What is more, eight makes far more sense in the John community. Something almost new is going on, a reboot! If the John community is establishing something new, or renewed, eight days makes far more sense. A new covenant is being established. And when we are talking about covenants and temples Eight is a prominent symbol.

For the old covenant was testified to by the circumcision required in Genesis 17:12 – “Throughout your generations every male among you shall be circumcised when he is eight days old,” As I read earlier from Leviticus, the first officials of the mosaic covenant had their ordination completed when “On the eighth day Moses summoned Aaron and his sons and the elders of Israel.” (Lev 9:1.) In Ezekiel’s vision of the restored, or – possibly in light of this story from John – the rebooted, temple, God returns to the people in the temple “… from the eighth day onward the priests shall offer upon the altar your burnt offerings and your offerings of well-being; and I will accept you, says the Lord GOD. “(Ezekiel 43:27) Eight would resonate with a community rooted in Judaism, but now looking for something a little different.

As we return to our Gospel lesson, let us remember that Leviticus informs us God appeared on that Eighth day, when the ordination was complete and the Israelites first began using the tabernacle. as, their first place of worship. EIGHT days later, Jesus appears before the disciples. This time Thomas is present. Thomas again exhibiting his commitment to that which he does not truly understand is still with the group, even though he does not yet believe. Jesus greets the disciples with the same words, “Shalom” or “Peace be with you.”

In Verse 27, Jesus lets Thomas know his challenge was heard by offering Thomas the opportunity to conduct his test. Thomas does not touch the marks. Thomas no longer needs to test. Doesn’t this say something about the petty tests we can come up with compared the magnificence of God’s demonstrations?!?!

It should be noted that there is no rebuke to Thomas for being an unbeliever. This is an important acknowledgment for a fledgling religious movement formerly grounded in an ancient scripture but now looking to reboot their understanding. Being an unbeliever is not a deal breaker in this new community, try get on board, listen with an intent to commit and you will get to belief and trust.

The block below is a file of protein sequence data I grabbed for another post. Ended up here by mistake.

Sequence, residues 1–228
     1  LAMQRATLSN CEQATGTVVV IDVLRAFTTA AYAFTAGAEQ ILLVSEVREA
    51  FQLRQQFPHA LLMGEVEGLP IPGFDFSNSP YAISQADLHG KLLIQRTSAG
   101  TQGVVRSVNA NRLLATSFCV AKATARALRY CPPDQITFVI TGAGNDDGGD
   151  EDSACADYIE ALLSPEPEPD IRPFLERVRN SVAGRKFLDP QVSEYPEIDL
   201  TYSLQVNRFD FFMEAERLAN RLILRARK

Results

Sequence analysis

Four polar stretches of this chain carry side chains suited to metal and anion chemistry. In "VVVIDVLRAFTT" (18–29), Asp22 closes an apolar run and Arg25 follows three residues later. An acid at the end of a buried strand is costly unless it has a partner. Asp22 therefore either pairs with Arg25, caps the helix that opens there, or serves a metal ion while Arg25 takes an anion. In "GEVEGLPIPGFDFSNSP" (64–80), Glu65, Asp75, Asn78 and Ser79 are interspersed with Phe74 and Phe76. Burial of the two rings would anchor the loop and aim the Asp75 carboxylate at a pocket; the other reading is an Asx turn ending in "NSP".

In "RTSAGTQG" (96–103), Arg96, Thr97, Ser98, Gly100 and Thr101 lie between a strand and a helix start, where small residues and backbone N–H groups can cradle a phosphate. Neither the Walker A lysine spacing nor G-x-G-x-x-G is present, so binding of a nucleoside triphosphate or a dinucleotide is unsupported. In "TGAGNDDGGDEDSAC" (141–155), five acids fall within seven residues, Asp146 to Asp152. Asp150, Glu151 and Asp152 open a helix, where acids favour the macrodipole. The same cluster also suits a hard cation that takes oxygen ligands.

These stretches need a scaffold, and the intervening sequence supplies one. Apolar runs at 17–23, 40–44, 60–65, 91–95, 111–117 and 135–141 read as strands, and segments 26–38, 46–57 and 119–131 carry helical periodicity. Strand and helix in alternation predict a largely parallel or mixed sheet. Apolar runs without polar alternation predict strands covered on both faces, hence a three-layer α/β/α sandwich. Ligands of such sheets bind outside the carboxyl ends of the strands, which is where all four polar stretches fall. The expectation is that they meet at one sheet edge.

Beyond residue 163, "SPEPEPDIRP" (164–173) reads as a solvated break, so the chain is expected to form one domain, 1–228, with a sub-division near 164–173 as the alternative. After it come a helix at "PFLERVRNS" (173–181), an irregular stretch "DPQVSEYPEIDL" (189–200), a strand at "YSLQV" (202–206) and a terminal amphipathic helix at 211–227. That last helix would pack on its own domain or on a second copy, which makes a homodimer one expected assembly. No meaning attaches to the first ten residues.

Rather than test, Thomas answers Jesus, “My Lord and my God!” an unequivocal proclamation about the divinity of Jesus Christ. This statement wraps back to the point John makes in the very opening of the Gospel, “In the beginning was the Word, and the Word was with God, and the Word was God…And the Word became flesh and lived among us, and we have seen his glory, the glory as of a father’s only son, full of grace and truth.” Thomas’ remark is the essence of what the rebooted faith is all about, Jesus as Lord and God.

“My Lord and My God” is the confession of the rebooted church. While spoken later in the reading, it is stronger than anything the disciples are reported as saying so far . It marks Thomas’ actual entrance into the faith community.

Jesus brings the scene to a close by recognizing that most believers will never have an opportunity to witness the magnificence of the physically resurrected Christ in their lifetime. His benediction, “Blessed are those who have not seen and yet have come to believe” affirms those who have come to believe without witness. It also helps those who come into the community after the passing away of the first generation of believers. Many of whom will be welcomed into the conversation and community with a disposition similar to Thomas, “I’ll believe it when I see it.” which will hopefully grow into faith and commitment.

This story affirms the rebooted John Community and those joining it. It reflects a Jewish understanding of covenant, leadership, and temple, but in an entirely new way. It also speaks to those who are on the outside, considering taking the plunge into this faith.

This story is also rooted in Judaism. The eighth day invokes images of circumcision, the sign of membership in the covenant, new priests or religious leaders being installed, and a new temple. All of this speaks to a rebooting of what it means to be a follower of God.

Thomas is the perfect every man for the occasion. He is committed, and yet not even sure what he is committing himself to at times. And even though he was left out on Easter experience, he is still was with the group. He struggled, like many faithful followers would and still do. But then he has a “come to Jesus” moment and recognizes Christ as God. This is an experience some might have, but most won’t. In recognition, Jesus blesses those who come to this rebooted faith and understanding without having an explicit experience with the risen Christ.

“Blessed are those who have not seen and yet have come to believe.”